What is GNU/Linux?
When you hear the word Linux, you may think of programmers with a beard typing obscure code on a black screen. Good news! things have changed.
Linux is an operating system, a large piece of software that manages a computer. It is similar to Microsoft Windows, but it is entirely free. The accurate name is GNU/Linux but "Linux" is used more often.
Linux is not one company's product, but a number of companies and groups of people contribute to it. In fact, the GNU/Linux system is a core component, which is branched off into many different products. They are called distributions.
Distributions change the appearance and function of Linux completely. They range from large, fully supported complete systems (endorsed by companies) to lightweight ones that fit on a USB memory stick or run on old computers (often developed by volunteers).
GNU/Linux is no harder to use than Windows, and has many more capabilities. It just takes a dozen minutes to get familiar with a distribution like Ubuntu or Fedora, which come in with many programs installed.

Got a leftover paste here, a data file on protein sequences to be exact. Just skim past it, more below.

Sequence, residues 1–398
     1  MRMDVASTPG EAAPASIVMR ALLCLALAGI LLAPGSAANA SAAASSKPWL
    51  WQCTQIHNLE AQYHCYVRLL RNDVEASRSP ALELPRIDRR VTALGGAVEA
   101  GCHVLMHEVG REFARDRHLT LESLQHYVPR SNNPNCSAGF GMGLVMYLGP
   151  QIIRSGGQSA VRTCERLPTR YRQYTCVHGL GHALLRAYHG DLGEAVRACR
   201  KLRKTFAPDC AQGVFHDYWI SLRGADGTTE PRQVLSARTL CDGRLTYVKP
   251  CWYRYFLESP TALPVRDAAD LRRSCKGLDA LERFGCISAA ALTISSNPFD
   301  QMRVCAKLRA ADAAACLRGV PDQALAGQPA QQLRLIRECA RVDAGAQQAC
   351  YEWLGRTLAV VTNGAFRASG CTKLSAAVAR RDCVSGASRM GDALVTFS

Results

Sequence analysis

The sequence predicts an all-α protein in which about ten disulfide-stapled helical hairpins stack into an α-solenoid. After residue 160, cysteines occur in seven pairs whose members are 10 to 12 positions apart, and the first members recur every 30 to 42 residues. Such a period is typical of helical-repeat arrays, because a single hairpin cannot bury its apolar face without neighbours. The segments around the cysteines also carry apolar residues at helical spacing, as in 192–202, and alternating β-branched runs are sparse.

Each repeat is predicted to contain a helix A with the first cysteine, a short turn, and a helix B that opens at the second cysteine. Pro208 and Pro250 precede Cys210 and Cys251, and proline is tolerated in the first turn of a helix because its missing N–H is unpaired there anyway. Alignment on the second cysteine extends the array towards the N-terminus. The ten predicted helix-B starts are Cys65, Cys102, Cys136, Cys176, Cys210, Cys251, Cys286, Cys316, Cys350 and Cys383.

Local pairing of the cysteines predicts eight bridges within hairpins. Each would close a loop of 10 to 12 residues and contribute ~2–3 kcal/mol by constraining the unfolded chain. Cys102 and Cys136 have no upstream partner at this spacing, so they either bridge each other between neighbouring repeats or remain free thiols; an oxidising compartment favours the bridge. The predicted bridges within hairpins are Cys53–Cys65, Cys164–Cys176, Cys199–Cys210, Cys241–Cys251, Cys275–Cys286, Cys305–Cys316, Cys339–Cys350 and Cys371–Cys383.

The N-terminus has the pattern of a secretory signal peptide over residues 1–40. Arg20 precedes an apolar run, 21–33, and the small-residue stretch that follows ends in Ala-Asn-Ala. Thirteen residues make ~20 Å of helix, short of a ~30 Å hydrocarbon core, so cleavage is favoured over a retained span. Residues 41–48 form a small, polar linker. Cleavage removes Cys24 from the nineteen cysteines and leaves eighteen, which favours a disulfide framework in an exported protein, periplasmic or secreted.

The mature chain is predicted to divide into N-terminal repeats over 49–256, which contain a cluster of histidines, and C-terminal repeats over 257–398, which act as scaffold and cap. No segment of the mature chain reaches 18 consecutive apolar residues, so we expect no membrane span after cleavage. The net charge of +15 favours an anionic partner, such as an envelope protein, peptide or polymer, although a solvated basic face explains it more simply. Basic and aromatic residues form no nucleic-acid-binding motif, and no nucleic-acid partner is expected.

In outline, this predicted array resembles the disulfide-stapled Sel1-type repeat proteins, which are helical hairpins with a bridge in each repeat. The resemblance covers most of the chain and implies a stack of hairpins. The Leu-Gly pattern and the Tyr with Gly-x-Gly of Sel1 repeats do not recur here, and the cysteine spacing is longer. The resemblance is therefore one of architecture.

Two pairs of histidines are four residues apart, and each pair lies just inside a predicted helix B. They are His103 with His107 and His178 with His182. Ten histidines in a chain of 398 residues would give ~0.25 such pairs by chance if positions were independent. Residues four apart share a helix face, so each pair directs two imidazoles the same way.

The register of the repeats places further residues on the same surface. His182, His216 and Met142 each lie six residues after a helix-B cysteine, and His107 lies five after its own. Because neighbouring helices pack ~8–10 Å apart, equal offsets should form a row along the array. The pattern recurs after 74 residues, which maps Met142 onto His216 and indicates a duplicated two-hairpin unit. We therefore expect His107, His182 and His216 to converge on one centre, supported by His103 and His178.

If you need commercial-quality software to work with business documents, Internet/networking, or multimedia and graphics, it's there right out of the box. Want more than that? Linux can do – there are many hundreds of free, high quality applications you can find, install and uninstall neatly and easily.
You shouldn't assume however, that Linux is a clone of Windows. To know what to expect when stepping into it, we suggest you read our Making the switch page.
The larger picture
When you get a distribution of GNU/Linux, you also get the freedom to study, copy, change, and redistribute it – that's what makes it truly free software.
Many companies develop their own operating system based on the core GNU software: products they do not have exclusive rights on. How does the wheel turn?
- Most companies make a profit by selling support and services around their GNU/Linux distribution. Corporate customers buy guaranteed security updates and assistance. Other services often include training and on-demand improvements to software.
- Some companies, such as HP or IBM, contribute to Linux because they pre-install it on servers they sell.
- An extremely wide community participates in the development and improvement of software, decreasing costs and improving efficiency.
In the end, individual end-users often get the software at zero cost, while corporate customers are often happy to pay for more support.